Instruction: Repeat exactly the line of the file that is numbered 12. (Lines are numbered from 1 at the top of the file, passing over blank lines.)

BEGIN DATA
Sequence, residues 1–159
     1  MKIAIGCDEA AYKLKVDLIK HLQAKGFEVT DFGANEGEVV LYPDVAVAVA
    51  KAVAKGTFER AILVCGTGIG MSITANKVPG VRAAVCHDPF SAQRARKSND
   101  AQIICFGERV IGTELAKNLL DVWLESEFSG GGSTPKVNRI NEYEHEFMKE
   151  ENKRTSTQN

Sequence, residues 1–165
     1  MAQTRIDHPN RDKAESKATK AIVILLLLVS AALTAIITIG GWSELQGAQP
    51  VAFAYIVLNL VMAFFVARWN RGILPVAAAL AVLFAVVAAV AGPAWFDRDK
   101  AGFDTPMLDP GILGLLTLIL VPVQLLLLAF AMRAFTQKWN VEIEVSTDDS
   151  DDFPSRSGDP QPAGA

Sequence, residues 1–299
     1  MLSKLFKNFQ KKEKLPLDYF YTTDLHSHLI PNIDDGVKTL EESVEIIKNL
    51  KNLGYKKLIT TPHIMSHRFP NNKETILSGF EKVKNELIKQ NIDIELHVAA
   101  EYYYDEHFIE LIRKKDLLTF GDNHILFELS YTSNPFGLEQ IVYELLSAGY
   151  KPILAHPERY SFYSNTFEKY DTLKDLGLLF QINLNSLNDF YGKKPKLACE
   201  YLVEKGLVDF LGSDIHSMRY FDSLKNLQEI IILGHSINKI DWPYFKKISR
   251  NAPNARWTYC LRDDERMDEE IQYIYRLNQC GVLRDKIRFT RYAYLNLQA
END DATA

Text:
     1  MLSKLFKNFQ KKEKLPLDYF YTTDLHSHLI PNIDDGVKTL EESVEIIKNL